Here there is no Gentile or Jew, circumcised or uncircumcised, barbarian, Scythian, slave or free, but Christ is all, and is in all.
Our culture loves labels, and we indulge in the centuries-old habit of dividing people based on the labels we attach to them. In fact, it’s in vogue these days to put labels on yourself, choosing to “identify” with a particular camp of people like you. Some people seem to delight in publicly declaring their labels, or identities, as though they were wearing badges of honor, wanting everyone else to see, hear and affirm their biographical traits. Today’s most popular labels mark people according to ethnicity, gender, sexual orientation and political affiliation. Maybe it’s okay to be proud of your background or the choices you have made about how to live your life. Maybe there are emotional benefits to feeling connected with other people who share your identity. Maybe there are healthy ways to put labels on yourself and on others. Then again, we don’t have to look very far through history to see how destructive it has been when people draw lines of division between groups and eventually – inevitably – decide that certain groups are superior or more desirable than others. People have been enslaved, oppressed, exiled and killed for belonging to the wrong group.
Among the radical changes Jesus brought to humanity was calling for the removal of barriers that so often separate people. God doesn’t judge us according to our labels, and He doesn’t play favorites. Likewise, the Christian community, the Church that bears the name of Christ, shouldn’t divide people into groups in conflict with one another. Paul imagined the gathering of believers without racial, cultural or social divisions. In Christ, we are united, and what we share in common far outweighs any differences in ethnicity or cultural background. Of course, the Church doesn’t always get this right. We still struggle to overcome prejudices held against those who are different from us.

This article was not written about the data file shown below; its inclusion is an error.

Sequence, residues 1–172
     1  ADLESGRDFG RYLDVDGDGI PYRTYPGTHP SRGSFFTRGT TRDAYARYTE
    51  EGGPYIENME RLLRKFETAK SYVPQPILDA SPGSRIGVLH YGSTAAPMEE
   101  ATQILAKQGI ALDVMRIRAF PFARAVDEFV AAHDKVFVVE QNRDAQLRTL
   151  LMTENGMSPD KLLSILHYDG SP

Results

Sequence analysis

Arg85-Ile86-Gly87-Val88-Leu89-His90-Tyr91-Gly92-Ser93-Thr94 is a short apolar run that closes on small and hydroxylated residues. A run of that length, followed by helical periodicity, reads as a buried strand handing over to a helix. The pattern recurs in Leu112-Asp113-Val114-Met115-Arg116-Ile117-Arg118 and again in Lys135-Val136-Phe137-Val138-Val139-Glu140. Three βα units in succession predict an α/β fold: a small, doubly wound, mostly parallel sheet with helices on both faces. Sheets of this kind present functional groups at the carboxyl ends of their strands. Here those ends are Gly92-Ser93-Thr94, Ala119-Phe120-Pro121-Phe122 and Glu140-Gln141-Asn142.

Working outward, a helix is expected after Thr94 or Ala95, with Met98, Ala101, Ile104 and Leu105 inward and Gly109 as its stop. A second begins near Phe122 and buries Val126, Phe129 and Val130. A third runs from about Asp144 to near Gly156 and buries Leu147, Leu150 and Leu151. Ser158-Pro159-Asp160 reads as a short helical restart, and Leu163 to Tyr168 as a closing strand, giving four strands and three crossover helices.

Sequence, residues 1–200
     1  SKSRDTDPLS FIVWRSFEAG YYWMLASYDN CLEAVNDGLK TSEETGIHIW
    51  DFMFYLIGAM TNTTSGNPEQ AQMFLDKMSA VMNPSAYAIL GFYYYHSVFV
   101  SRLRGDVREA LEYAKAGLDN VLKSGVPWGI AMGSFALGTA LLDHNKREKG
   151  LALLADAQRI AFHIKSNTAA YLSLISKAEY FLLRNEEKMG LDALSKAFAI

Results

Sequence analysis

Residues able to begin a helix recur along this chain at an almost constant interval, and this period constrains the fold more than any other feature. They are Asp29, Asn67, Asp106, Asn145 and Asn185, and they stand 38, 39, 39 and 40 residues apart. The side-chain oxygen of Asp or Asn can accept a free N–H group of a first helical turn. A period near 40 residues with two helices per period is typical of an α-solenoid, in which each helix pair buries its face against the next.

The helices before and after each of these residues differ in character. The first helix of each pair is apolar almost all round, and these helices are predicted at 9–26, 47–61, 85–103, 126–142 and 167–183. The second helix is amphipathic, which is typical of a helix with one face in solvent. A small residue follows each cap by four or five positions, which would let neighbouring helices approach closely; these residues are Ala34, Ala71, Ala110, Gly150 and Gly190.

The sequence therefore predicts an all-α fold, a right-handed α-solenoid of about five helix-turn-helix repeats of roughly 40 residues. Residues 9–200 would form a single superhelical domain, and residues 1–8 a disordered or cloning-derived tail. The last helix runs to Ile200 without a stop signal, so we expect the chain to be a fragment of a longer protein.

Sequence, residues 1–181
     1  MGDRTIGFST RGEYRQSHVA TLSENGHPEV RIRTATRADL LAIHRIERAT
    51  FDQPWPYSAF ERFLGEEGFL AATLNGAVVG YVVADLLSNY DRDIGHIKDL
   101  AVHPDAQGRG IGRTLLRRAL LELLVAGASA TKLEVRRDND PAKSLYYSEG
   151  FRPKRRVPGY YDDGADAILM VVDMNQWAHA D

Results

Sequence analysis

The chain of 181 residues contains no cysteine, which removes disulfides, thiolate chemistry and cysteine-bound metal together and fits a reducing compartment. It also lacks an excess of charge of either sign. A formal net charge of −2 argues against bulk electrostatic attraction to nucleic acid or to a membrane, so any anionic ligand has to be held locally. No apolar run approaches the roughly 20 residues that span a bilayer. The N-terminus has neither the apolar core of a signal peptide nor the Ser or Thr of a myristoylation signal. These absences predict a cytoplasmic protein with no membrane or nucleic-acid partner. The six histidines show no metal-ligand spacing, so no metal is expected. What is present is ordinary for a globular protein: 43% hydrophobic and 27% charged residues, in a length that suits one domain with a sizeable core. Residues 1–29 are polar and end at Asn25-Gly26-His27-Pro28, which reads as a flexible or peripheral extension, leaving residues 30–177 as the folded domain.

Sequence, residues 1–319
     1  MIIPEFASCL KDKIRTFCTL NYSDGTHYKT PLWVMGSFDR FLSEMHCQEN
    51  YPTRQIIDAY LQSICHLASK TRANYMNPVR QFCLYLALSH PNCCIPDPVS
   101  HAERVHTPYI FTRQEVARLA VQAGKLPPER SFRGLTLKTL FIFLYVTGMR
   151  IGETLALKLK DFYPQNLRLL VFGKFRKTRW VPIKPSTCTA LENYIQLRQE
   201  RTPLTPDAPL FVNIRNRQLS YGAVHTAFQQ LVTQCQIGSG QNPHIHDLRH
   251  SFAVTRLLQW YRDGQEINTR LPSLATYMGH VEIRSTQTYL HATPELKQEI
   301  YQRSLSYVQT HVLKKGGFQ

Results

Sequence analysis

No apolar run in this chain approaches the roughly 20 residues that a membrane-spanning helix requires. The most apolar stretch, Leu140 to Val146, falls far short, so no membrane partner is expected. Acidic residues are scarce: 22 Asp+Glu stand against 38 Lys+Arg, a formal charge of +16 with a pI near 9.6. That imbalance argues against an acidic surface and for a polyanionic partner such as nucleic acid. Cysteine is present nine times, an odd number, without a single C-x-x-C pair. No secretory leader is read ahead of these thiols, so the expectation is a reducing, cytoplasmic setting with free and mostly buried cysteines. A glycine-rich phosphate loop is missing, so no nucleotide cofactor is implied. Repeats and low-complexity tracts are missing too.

The truth of this verse stands firm in the face of hate and division. These words declare God’s ideal for his Church, even if we refuse to accept it. In Christ, there is no division, there are no favorites or superior groups. Our responsibility as followers of Jesus is to live in this truth and to push back against the sinful desires that seek to build walls of separation between groups of people. We can choose to love and embrace all who love and embrace Christ. If the Church would live out these words in our fellowship and ministry, perhaps we could show the world how to overcome divisions and prejudice too. Who we are in Christ will always matter more than who we are in this world.
Father, thank You for creating me and for loving me. Thank You for sending Jesus to be my Savior and to be the Savior of all who come to You in faith. Teach me to love people in the name of Jesus, through whom I pray. Amen.
Pastor Mike Mirakian